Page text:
The MLB season lasts half the year, and it can be hard for the average fan to keep up. That’s where we come in. Every day during the 2017 regular season, Beyond the Box Score will be recapping all the biggest action from the previous day — with a sabermetric slant, of course — and looking ahead to what today will bring.
Yesterday’s biggest play
Didi Gregorius gives the Yankees another comeback — +.462 WPA
On a day when Proven Closers Mark Melancon and Alex Colome blew saves that led to losses for their respective clubs, the worst implosion came (a) from a no-name pitcher (b) in a game his team eventually won. The baseball gods work in mysterious ways.
Of course, this wasn’t really Donnie Hart’s blown save (the save rule also works in mysterious ways). After Darren O’Day walked the bases loaded with two outs, he entered the game to face Gregorius. Hart’s been money against lefties in his career, and Gregorius has a 77 wRC+ off southpaws, so it seemed like a prudent move. Alas, Hart worked the count to 2-1 and tried to sneak a sinker by Gregorius:
For the second time in three days, the Yankees tied the game in the bottom of the ninth. On Friday, Brad Brach gave up the home run to Starlin Castro, and Matt Holliday walked it off in the 10th. Yesterday, Gregorius was the hero for the Bombers… except he wasn’t, because two innings later, Bryan Mitchell imploded — also for the second time in three days — and the Orioles won 7-4. (The moral of the story: Baseball gods? ~ Mysterious ~ .)
Yesterday’s best game score
Dallas Keuchel — 84
Game Score was developed by Bill James as a quick way to evaluate a starting pitcher’s performance. The score begins at 50, with points added for outs and strikeouts, and subtracted for walks, hits, and runs. A score of 70 is very good; a score of 90 is outstanding.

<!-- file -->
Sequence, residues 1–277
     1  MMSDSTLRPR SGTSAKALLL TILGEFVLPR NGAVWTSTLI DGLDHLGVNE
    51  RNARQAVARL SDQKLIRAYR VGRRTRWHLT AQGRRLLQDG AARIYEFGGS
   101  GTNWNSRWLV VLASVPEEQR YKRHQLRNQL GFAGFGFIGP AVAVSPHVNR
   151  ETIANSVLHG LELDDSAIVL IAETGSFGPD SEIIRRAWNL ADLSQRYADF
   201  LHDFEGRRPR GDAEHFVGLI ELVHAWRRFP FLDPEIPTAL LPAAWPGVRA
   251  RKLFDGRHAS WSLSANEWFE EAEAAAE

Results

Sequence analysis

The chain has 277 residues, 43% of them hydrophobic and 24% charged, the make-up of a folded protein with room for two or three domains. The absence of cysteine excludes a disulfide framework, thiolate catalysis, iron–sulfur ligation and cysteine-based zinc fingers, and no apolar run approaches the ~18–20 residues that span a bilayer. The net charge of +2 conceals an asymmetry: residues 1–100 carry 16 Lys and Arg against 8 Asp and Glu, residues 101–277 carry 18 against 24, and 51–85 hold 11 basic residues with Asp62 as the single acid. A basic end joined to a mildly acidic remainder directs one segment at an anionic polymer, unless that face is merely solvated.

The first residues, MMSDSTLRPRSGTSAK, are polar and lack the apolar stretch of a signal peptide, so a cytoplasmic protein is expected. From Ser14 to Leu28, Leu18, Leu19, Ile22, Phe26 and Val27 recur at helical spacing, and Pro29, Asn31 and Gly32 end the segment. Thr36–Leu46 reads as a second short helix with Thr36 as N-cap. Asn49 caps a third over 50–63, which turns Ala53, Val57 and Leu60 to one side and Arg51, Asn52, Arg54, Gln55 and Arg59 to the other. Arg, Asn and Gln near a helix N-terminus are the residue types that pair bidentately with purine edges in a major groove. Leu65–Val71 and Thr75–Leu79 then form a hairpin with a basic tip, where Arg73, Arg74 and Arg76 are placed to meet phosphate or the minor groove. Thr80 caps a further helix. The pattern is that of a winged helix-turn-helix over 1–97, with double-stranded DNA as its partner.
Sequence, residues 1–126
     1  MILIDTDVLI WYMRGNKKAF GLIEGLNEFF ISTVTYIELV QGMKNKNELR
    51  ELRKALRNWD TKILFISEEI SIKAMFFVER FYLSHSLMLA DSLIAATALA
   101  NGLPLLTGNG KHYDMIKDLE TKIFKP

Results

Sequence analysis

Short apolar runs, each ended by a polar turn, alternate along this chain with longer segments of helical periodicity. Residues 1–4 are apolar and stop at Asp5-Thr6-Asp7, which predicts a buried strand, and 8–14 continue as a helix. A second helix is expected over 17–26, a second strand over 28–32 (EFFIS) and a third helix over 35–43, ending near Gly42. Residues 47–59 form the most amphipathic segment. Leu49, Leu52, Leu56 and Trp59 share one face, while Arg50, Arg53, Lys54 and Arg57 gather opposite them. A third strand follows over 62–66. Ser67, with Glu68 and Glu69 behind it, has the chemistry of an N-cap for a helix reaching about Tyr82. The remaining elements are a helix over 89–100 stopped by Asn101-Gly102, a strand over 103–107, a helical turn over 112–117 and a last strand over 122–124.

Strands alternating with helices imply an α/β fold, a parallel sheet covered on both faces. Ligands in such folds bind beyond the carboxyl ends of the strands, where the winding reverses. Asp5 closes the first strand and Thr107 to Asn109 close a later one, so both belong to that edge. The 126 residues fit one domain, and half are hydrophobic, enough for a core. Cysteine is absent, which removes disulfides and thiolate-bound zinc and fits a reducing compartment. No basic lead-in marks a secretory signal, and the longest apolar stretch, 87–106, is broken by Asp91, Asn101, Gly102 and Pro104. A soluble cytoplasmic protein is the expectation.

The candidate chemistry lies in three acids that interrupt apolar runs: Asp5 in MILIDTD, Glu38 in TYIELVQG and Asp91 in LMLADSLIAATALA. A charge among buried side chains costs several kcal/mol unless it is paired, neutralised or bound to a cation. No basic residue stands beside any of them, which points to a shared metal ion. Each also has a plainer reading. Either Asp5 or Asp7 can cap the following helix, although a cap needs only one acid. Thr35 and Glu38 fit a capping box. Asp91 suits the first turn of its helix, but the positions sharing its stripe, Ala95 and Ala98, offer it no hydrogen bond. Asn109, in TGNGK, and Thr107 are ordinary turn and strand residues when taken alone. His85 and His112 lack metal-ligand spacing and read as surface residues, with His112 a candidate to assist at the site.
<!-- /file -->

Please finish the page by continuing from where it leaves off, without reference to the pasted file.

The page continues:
Keuchel has taken the hill six times this season. He’s gone at least seven innings and given up at most two runs in all those starts. In fairness, he’s stranded 98.7 percent of his baserunners, and his 3.35 FIP casts some doubt on his 1.21 ERA. Still, keeping runs off the board counts for something — especially when awards season comes around.
And it’s not like Keuchel got lucky on Sunday. He allowed just three hits and two walks over 7 1⁄3 innings against the Athletics, piling up nine strikeouts along the way. The sinker was working, as is typically the case, but the slower pitches made the difference. Keuchel tended to avoid the zone with his changeup and slider:
Keuchel’s gone with the Brad Ziegler approach this year — i.e., he’s hardly ever thrown the ball in the strike zone — and thus far, the results have been impressive. Of his combined 38 changeups and sliders, 11 went for swinging strikes. Both pitches travel at about 79 mph, but the former breaks arm side, while the latter moves glove side. Together, they can retire batters of any handedness. With his sinker regaining the whiffs it lost last year, and his change/slider combo keeping hitters guessing, Keuchel should keep rolling past Oakland.